The European Commissioner-designate for education and culture has pledged that the incoming Commission will launch a lifelong learning initiative to take effect from 2007.
At a European Parliament hearing this week to determine his suitability for the portfolio, Jan Figel told MEPs that this would be part of efforts to bring more dynamism to education in the European Union.
It would be included in medium-term commission spending plans, now under discussion and closely linked to the Lisbon Process, intended to make the EU the world's most competitive economy by 2010.
Mr Figel warned: "If we don't improve our performance under the Lisbon Process, it's clear that we shall all fail."
Jose Manuel Barroso, incoming EU president, has announced that the process would be central to his work over the next five years. The Slovak former diplomat promised a "great debate" next year about ways to inject greater vigour into EU education, especially in improving links between universities and industry.
Mr Barroso said he would build on the education policies of the Prodi Commission, which leaves office on November 1 - notably by involving commission officials in plans to improve the recognition of diplomas and skills and to make more investment in education.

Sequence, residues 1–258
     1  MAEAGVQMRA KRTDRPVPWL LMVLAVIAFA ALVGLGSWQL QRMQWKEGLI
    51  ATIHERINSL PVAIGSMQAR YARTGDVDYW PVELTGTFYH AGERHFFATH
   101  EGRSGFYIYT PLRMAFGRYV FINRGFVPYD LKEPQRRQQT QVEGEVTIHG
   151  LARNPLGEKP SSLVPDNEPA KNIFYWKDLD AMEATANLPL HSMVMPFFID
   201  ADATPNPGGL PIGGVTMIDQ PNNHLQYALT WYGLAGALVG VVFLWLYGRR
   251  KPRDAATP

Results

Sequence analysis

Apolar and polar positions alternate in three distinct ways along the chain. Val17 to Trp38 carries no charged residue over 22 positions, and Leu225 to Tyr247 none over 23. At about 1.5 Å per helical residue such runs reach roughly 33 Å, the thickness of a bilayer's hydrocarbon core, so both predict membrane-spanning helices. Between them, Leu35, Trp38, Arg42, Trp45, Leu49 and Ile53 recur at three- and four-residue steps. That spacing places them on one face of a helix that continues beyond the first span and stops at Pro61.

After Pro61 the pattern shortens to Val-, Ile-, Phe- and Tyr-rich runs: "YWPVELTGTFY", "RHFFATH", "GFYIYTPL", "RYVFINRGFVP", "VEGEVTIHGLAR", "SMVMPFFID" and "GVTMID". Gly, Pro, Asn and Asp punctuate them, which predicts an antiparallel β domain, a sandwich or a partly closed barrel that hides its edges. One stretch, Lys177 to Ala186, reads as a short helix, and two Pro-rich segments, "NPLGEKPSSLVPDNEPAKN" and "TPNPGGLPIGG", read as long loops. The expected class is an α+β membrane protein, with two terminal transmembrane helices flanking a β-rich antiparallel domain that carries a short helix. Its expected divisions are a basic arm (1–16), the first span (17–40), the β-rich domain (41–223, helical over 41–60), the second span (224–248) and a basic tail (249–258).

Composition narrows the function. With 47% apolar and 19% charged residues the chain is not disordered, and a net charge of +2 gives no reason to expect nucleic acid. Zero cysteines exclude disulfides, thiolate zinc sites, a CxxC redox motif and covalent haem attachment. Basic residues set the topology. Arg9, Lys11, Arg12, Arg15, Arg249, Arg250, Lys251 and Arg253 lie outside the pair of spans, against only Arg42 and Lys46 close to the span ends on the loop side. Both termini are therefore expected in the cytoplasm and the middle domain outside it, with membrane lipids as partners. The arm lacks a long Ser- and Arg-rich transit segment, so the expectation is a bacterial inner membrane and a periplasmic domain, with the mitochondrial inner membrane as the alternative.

Mr Figel told MEPs he would give more priority to the culture portfolio than his predecessor, Viviane Reding. Also, for the first time, multilingualism will be added to commission responsibilities. Mr Figel said that, ideally, every child should be taught two languages in addition to the mother tongue. To this end, he said 2007 would be the Year of Dialogue between Cultures.
Responding to criticism that many students who had won Erasmus Programme places could not afford to take them up, Mr Figel said the Erasmus grants should be increased from €150 (£102) a month to €250.